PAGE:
I’d like to extend a topic that I brought up recently – about the difficulty in evaluating excellence in teaching.
I danced around the central conundrum, by highlighting all the ways that we do, and don’t, evaluate teaching on our campuses. What I didn’t bring up is: what is it, exactly, that we are sizing up when we decide how good someone’s teaching is?
What I argued at the time is that most people use the template of their own teaching (or perhaps one’s aspirations for one’s own teaching) as a model for evaluating others. This operational definition of how excellence is measured doesn’t actually specify what characteristics define excellence.
Let’s set aside the evaluation problem, and ask: What is excellent teaching?
Nearly all of our evaluations focus on the process of teaching: what happens in class on a day to day basis.
What really matters is what happens in the end: what is the product of teaching?
If we focus on process, then we measure things like specific items in the curriculum, demeanor, what the assignments and exams look like, and classroom performance in the theatrical sense.
If we focus on product, then we look at outcomes: exam performance, student satisfaction, long-term professional growth, and — from the administration’s perspective — alumni giving.
You imagine that a quality process leads to a quality product, however a veneer of quality might not lead to a long-term high quality product. What educational practices that get high ranks in the evaluation system actually contribute to positive outcomes in the long term? How much of what we do in teaching doesn’t result in long-term learning but looks like quality teaching in the short term? For starters, the first thing that comes to mind is the use of overly detailed powerpoints that are shared with the class online for
cramming studying for exams. Students love it, it raises satisfaction, the professor looks well prepared and: will students know any of it the next day, or how about five years later?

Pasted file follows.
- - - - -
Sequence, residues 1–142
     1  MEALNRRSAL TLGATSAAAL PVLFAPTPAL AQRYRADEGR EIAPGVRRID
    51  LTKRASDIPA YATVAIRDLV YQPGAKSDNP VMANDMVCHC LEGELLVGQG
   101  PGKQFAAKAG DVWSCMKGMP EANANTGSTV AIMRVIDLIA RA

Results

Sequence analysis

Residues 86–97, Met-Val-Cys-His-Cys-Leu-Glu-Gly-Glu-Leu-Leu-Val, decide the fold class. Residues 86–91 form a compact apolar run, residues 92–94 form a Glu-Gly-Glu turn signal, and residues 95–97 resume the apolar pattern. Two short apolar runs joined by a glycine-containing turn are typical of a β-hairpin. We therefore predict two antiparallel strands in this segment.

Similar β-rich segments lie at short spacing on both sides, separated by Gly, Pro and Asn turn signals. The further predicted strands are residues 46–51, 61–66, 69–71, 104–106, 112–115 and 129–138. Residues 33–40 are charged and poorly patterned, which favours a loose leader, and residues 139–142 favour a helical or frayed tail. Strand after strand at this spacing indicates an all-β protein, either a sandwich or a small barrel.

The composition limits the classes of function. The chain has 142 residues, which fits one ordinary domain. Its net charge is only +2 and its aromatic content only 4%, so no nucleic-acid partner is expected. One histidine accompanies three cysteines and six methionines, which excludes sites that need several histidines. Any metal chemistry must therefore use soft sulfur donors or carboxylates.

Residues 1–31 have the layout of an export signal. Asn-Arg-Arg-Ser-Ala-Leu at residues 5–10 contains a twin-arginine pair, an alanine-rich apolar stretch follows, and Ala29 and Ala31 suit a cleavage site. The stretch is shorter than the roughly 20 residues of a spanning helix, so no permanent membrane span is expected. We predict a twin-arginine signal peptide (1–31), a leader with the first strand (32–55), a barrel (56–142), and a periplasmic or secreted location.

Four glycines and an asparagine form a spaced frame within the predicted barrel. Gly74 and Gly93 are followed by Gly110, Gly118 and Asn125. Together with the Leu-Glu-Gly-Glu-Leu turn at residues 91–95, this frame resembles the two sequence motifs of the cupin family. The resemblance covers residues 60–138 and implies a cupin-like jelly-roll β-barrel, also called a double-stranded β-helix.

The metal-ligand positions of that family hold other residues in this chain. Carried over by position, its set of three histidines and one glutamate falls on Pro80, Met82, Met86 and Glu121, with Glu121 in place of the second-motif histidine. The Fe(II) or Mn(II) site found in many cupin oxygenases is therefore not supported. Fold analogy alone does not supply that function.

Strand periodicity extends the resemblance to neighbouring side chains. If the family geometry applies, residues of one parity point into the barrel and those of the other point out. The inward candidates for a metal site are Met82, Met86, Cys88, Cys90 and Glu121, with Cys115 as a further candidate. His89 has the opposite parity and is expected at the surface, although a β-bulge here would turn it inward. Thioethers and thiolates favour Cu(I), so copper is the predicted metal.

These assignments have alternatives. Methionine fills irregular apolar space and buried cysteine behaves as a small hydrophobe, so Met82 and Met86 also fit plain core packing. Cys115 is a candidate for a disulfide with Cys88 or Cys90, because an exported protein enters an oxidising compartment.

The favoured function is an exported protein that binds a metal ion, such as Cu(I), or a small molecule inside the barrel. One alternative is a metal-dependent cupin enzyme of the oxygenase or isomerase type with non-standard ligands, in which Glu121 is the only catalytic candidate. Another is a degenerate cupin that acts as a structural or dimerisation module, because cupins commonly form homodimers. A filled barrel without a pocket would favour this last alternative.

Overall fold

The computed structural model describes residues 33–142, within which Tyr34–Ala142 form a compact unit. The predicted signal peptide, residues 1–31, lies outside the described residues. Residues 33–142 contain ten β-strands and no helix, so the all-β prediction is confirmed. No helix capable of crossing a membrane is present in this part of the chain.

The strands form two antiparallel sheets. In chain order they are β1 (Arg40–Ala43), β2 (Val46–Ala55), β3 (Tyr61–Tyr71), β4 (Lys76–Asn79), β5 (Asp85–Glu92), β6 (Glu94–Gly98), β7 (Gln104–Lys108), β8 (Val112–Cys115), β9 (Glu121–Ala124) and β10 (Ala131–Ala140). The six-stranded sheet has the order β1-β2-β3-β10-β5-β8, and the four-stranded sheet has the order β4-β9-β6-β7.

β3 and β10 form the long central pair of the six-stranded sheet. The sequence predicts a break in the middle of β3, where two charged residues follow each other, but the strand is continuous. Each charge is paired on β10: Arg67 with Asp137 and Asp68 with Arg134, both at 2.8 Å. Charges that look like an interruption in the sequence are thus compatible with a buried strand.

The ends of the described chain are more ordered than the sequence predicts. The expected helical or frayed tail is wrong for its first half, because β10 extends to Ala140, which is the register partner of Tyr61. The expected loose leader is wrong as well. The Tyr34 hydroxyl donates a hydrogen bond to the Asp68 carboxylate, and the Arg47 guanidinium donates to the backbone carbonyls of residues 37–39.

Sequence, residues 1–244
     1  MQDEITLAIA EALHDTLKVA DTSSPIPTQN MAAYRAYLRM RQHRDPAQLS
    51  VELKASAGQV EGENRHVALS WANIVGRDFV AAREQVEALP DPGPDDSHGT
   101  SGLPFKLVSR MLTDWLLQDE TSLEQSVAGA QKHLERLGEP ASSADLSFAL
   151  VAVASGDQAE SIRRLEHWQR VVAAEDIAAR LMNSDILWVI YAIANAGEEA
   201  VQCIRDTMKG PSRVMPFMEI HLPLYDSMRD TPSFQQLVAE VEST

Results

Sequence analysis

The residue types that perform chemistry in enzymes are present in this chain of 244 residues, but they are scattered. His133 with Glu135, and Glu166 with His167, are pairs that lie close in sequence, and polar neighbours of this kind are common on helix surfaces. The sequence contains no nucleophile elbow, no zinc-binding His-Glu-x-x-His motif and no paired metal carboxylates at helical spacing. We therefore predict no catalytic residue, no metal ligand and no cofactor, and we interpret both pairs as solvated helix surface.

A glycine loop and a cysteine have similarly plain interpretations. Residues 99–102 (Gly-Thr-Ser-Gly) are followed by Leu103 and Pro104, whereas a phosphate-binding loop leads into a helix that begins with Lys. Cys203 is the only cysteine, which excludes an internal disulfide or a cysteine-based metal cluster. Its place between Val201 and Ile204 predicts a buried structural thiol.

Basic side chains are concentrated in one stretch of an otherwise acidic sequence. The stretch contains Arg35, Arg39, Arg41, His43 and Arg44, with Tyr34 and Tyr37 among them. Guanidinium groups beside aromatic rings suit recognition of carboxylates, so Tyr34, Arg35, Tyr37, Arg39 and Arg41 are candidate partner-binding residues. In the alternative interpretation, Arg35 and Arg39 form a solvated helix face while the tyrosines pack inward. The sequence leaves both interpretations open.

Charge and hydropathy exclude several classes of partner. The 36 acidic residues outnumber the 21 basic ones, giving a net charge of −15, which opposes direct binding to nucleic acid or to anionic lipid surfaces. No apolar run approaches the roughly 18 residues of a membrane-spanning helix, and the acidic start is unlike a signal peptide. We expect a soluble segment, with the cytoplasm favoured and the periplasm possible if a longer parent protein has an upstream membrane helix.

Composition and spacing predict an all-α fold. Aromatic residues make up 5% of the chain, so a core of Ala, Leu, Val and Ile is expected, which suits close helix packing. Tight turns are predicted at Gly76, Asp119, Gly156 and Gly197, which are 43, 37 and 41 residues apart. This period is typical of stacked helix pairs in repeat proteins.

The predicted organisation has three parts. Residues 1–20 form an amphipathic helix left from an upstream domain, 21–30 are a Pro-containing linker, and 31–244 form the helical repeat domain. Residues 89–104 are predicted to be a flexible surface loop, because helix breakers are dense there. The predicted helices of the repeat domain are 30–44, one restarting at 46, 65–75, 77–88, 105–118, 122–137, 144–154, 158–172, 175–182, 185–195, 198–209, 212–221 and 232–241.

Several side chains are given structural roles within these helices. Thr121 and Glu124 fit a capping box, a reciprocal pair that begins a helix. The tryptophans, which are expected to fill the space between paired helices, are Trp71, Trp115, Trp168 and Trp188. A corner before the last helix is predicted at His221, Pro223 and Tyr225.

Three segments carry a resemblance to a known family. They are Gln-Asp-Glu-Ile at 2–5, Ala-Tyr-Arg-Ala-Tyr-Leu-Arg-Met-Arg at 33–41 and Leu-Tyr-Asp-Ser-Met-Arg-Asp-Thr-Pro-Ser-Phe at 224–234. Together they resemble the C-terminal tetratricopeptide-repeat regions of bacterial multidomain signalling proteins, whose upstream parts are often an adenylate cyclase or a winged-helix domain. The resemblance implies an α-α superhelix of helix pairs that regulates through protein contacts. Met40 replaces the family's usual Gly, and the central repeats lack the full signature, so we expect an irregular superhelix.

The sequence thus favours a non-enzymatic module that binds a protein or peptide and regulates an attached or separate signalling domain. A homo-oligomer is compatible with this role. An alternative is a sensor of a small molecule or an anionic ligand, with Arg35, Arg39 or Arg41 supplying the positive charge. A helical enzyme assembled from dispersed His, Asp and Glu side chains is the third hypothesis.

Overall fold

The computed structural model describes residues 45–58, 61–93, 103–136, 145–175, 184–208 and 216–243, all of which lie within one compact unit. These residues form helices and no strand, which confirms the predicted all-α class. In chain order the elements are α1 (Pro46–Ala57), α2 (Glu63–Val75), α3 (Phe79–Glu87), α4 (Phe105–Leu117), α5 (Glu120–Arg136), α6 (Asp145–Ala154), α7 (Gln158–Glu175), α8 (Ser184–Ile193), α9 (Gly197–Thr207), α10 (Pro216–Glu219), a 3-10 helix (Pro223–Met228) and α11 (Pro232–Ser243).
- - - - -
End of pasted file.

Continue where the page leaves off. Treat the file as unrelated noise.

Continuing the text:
Just as we can design an individual class with backward planning, we can think of the whole college experience this way to inform what students really need to get what we want them to get out of the college experience. What constitutes an “excellent” college education? Whatever it is, then excellence in faculty is when they deliver on that goal.
In my view, when you graduate from college, the school has done its job if the product is:
- articulate in thought, words and writing
- able to differentiate between opinion and reason and has personal values informed by both
- broadly interested in the world and all it has to offer
- conversant in literature, art, history, geography, science, mathematics, philosophy, civics and more
- able to separate style from substance
- struggling to understand the faiths, or the lack thereof, of those in their midst
- able to readily explain to any novice the basic tenets of their specialty
- can perform admirably on a summative exam in the subject of one’s specialty (e.g., subject GRE)
- reading the goddamn newspaper or its equivalent on a regular basis
- able to whiff out pseudoacademic thinking (like Malcom Gladwell), pseudoscience and shabby reasoning
- not taking oneself too seriously
- treats other people as they would like to be treated
Those are my aspirations for what college should do for everyone. I wrote this on the fly but I imagine it would resemble to some degree what you think a “liberal arts education” is supposed to look like.
Just as it’s not the job of a K-12 teacher to merely teach the state standards, it’s not my job to cover the expected learning outcomes of my course. I’m working on providing one piece of a holistic college experience. Am I successful at this? No. But it’s a goal. Since I’m at a state comprehensive institution and all the talk is “career-training-this” and “job-preparation-that” we are really botching these fundamentals. My heart soared when our newish provost said, in his first address to the faculty, that he didn’t want to see any more business regarding what a college degree does for students, he wanted to hear more about what a college education does for students. In our environment, that idea is hard to deliver in deed, but I’m excited to see the emphasis nonetheless.
How do we measure teaching excellence? Foremost, students need to emerge from the class knowing the course material. In particular, they need to know it deeply: well beyond their graduation dates. Truly excellent teachers inspire lifelong learning, excitement tied to discovery in the discipline, and an academic ethos that pervades all aspects of life. There is a multiplicity of routes to this destination.
This is often why teaching is considered to be an art, because what works for one person might not work for another. The trickier part, though, is knowing what works. This might not be measurable at the end of a semester.